Scientists puzzle over cause of Saturn’s Earth-sized storms


This image from 2011 was taken about 12 weeks after the Saturnian storm began, and the clouds by this time had formed a tail that wrapped around the planet. The storm's tail, which appears as slightly blue clouds south and west (left) of the storm head, can be seen encountering the storm head in this view.
NASA/JPL-Caltech/Space Science Institute

Giant, planet-encircling storms, some as big as the Earth, strike Saturn every 20 to 30 years.

They are popularly known as “great white spots” – akin to Jupiter’s Great Red Spot. But unlike Jupiter’s spot, which is calm at the centre, the Saturn spots generate fierce lightning storms.

The most recent great white spot, which developed in December 2010, encircled the planet within six months.

But their origins – and the reason for their scarcity – have remained somewhat of a mystery to scientists.

A new study published in the journal Nature Geoscience offers a potential explanation.

Andrew Ingersoll and Cheng Li, planetary scientists at Caltech, produced models that mimicked the creation of the great white spots. They suggest that these intense storms are due to the weight of the water molecules in Saturn’s atmosphere.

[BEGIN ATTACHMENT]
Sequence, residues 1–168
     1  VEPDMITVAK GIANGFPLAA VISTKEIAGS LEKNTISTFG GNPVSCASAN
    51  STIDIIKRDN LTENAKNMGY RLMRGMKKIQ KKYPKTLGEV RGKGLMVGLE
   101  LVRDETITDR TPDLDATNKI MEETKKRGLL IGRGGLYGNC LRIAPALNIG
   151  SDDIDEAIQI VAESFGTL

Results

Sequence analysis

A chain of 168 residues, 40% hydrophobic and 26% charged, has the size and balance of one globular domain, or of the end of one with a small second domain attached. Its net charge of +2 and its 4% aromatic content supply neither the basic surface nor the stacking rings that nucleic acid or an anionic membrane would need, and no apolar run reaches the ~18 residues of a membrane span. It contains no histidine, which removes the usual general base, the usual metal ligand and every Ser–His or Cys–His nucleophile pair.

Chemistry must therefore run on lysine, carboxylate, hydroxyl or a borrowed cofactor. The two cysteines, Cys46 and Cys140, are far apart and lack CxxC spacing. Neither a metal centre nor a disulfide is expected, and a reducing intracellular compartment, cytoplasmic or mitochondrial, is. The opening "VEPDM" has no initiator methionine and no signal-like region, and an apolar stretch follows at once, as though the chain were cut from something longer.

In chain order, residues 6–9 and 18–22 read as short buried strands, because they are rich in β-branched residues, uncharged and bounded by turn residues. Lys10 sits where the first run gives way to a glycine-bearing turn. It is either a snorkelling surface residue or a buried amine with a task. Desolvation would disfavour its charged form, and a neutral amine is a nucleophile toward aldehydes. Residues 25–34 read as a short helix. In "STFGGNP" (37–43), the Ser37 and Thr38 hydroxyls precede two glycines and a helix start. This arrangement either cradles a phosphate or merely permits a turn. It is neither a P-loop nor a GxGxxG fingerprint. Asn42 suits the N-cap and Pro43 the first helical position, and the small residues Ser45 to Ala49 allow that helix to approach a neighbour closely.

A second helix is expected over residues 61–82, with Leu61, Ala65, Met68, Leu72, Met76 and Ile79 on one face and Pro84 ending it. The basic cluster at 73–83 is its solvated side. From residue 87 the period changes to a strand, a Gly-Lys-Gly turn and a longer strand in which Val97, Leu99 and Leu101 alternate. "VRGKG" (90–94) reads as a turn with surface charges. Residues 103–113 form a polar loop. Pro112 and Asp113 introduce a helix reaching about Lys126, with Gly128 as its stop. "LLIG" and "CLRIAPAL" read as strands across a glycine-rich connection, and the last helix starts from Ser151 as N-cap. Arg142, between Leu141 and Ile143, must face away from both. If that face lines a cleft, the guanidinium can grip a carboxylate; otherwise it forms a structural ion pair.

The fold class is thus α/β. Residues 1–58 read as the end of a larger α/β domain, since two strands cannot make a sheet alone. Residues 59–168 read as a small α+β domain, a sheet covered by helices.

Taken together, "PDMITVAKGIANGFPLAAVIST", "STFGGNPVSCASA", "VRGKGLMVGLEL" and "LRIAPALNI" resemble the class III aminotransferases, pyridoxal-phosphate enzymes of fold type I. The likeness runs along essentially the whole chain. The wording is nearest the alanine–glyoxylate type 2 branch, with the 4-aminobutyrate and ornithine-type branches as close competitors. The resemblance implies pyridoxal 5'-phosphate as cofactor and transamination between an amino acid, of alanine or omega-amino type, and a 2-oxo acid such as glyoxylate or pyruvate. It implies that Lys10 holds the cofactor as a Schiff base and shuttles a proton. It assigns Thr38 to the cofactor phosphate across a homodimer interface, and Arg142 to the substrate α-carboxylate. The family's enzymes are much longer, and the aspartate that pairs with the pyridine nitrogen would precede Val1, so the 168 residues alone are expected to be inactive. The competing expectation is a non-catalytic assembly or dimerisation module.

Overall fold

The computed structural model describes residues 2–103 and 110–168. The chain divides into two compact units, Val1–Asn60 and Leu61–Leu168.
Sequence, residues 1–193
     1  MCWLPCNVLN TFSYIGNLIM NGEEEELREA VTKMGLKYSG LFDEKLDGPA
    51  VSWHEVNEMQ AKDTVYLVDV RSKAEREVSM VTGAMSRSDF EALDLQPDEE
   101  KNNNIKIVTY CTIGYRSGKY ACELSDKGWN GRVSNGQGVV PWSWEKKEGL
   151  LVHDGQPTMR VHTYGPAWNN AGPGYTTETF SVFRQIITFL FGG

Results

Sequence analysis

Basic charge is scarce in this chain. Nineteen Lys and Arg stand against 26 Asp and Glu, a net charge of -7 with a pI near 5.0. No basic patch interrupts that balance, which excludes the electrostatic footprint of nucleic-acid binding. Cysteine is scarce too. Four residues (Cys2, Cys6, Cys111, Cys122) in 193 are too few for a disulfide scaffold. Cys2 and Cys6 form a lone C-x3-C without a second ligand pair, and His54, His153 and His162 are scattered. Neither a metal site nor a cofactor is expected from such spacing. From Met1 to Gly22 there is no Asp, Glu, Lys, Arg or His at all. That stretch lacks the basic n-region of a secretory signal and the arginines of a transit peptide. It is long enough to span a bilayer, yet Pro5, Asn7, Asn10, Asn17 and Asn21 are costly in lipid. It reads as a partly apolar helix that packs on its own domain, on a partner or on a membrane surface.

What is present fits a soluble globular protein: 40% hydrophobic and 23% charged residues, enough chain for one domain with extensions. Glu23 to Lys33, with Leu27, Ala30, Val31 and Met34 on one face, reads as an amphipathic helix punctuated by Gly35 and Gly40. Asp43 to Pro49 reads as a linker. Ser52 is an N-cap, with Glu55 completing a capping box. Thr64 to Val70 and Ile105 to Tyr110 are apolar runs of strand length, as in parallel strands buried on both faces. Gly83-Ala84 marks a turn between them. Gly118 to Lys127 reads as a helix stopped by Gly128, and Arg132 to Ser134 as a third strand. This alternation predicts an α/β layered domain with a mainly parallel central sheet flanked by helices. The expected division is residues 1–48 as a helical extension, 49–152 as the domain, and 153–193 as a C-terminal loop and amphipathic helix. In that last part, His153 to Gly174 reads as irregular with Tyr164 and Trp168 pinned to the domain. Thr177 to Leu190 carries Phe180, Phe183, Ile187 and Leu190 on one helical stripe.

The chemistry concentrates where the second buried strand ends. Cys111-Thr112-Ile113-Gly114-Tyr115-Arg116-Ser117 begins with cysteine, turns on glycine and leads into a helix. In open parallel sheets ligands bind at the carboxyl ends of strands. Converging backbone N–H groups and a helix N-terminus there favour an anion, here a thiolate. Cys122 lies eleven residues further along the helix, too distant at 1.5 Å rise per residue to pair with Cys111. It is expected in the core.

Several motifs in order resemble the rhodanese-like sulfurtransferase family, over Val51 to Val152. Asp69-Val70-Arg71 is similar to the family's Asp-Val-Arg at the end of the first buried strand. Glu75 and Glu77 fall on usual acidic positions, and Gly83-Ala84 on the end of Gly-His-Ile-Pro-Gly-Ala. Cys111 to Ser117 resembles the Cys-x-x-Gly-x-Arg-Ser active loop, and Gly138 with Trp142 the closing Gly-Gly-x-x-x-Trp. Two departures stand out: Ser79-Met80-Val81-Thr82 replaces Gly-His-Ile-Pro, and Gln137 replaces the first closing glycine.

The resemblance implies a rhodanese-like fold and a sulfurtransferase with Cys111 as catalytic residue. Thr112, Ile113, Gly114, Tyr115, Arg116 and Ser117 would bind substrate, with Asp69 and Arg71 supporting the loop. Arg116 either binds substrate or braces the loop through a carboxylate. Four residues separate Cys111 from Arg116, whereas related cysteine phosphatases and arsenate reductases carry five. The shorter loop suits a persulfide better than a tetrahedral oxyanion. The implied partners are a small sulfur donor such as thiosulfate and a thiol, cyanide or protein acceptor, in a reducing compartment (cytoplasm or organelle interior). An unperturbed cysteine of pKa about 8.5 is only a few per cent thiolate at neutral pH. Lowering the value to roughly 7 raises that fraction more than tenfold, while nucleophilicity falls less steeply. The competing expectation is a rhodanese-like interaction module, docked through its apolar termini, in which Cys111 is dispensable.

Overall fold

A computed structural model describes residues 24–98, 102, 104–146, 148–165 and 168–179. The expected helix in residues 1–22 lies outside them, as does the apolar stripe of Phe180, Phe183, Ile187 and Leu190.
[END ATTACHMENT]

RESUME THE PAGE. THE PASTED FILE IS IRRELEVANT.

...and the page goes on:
The water molecules are heavy by comparison to the hydrogen and helium that make up most of the atmosphere.

When water molecules rain out of the upper atmosphere, cold air is left lighter as a result. This halts the convection process: the cold air is no longer heavy enough to sink – at least not right away.

This close-up shows the head of the storm in nearly true colour mosaic, and a train of vortices appears as blue spots just to the south of the head. These blue spots are parts of the storm's tail that have already encircled the planet and are approaching from the west (left in the image).
NASA/JPL-Caltech/Space Science Institute

Using observations of the 2010 great white spot by NASA’s Cassini spacecraft, Ingersoll and Li point out that Saturn may have enough water in its atmosphere to experience what is known as a density minimum.

Saturn’s atmosphere first loses density as water molecules rain out, but soon becomes more and more dense as it continues to cool.

Eventually this extreme cooling makes the atmosphere dense enough to sink, triggering atmospheric convection and resulting in a colossal thunderstorm.

“The upper atmosphere is so cold and so massive that it takes 20 to 30 years for this cooling to trigger another storm,” says Ingersoll.

  1. http://www.nature.com/ngeo/journal/v8/n5/full/ngeo2405.html
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